Bodak Yellow, Cardi’s breakthrough and now number 1 track may be a play on Kodak Black’s No Flockin flow, but Cardi’s delivery is much more powerful than Black’s original, leading him to make a remix of her hit single. The instantly infectious trap single has won over even the biggest stars in hip hop. Nicki Minaj sent out a congratulatory tweet upon learning of the rapper’s historic milestone. Minaj tweeted, "Congratulations to a fellow NEW YAWKA on a RECORD BREAKING achievement. Bardi, this is the only thing that matters!!! Enjoy it."
Part of Cardi’s success has to do with her message. She isn’t faking anything. Her Instagram is her publicist. She takes to it often to address issues like putting every boy on blast, telling people to not worry about her fake body parts, and a classic — when she proclaimed that “a ho never gets cold.” She’s an Afro-Latina with a thick Bronx accent who unapologetically uses Ebonics and Spanglish, and her ability to top Taylor Swift, America’s heartland sweetheart, is a reflection of the larger demographic change happening in our country right now. The Latinx population in the US reached 58 million in 2016, and the foreign-born share of US Latinxs has declined, meaning there are more Latinx American citizens now than ever. Her success shows that these consumers are ready to see people who look, talk, and think like them.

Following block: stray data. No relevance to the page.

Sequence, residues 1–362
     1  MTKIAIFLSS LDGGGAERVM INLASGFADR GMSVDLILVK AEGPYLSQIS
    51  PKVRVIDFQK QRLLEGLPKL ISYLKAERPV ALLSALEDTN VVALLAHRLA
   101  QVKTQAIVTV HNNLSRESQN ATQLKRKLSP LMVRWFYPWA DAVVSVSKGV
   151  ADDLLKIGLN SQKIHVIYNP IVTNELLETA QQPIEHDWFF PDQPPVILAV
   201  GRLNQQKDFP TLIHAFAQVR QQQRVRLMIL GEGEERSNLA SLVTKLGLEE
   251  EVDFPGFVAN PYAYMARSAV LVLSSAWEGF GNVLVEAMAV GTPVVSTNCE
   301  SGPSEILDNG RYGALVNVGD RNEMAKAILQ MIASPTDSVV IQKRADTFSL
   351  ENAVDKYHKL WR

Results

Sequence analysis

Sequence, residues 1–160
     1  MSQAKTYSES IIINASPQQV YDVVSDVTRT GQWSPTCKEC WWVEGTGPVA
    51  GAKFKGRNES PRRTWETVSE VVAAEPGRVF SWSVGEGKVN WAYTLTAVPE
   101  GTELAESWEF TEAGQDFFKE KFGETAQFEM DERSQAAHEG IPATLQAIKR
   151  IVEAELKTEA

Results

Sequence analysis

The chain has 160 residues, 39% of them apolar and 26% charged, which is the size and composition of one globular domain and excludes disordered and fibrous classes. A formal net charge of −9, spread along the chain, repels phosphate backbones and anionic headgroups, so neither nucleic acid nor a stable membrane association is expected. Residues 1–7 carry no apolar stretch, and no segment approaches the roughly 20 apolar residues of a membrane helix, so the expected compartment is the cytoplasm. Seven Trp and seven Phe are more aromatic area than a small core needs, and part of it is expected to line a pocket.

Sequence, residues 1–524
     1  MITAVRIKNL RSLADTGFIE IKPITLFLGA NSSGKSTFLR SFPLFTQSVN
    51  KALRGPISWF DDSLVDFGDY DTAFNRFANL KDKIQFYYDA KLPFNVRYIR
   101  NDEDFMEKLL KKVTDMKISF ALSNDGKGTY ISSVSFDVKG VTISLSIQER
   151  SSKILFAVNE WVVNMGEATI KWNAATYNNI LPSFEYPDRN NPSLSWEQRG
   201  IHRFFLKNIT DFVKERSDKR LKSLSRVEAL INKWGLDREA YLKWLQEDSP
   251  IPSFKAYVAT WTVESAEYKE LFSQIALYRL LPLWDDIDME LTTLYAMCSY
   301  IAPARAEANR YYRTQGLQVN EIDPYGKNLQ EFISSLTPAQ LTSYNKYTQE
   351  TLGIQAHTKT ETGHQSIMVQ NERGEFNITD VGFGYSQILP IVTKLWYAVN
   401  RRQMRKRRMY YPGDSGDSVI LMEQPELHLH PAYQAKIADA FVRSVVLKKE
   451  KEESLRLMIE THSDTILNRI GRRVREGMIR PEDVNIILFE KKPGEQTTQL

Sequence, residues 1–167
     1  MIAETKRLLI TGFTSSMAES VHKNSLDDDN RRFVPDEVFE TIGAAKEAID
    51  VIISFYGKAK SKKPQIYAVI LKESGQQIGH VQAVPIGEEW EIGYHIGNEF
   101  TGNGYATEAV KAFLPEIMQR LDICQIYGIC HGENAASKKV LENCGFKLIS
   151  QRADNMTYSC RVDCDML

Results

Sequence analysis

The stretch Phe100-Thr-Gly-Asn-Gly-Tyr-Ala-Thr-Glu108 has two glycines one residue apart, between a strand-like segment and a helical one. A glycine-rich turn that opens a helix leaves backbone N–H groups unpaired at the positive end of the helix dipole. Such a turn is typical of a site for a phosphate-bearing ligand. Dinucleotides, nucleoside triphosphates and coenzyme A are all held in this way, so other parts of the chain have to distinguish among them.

Cardi’s rise also illustrates the now undeniable appetite for Latinx culture and music, and how unnecessary crossover or even English-language albums are becoming. Recently, J Balvin’s Mi Gente became the number 1 song globally on Spotify, and Despacito — the first Spanish-language song to reach #1 since Macarena — continues to rack up unimaginable plays on streaming services and Youtube, (even leading Luis Fonsi to be named Puerto Rico’s tourism ambassador). And Romeo Santos, who in the past may have had to “cross over” to English or pop, has managed to seemingly take over the world while singing Bachata in Spanish — a genre that he helped propel outside of the Dominican Republic.
And these artists are selling out stadiums (Like Romeo Santos’ historic gig at Yankee Stadium) topping charts, and contributing greatly to streaming services. According to Nielsen, in 2015, streaming equivalent album sales rose 38.5 percent across the board — while Latin-genre streaming rose 73 percent. It’s not surprising from a market whose spending power tops $1.5 trillion in the U.S. alone. And it’s not just Latinxs who are listening. The entire world is listening.
Artists like Cardi B, J Balvin, Daddy Yankee, Romeo Santos, and many others aren’t the future of the music industry. They’re the “right now.” As their star power continues to grow, Latinx visibility in the U.S. grows with them, and gives others the courage to fully embrace their roots. Their chart positions, sold-out tours, and historic milestones further show that Latinxs are no longer “the other,” and that the Latinx music industry is the mainstream music industry. The reason Cardi B is so popular, why she knocked Taylor Swift out of the number 1 spot, is that she is appeals to real people on an authentic level, as a woman, a Latinx, and an artist.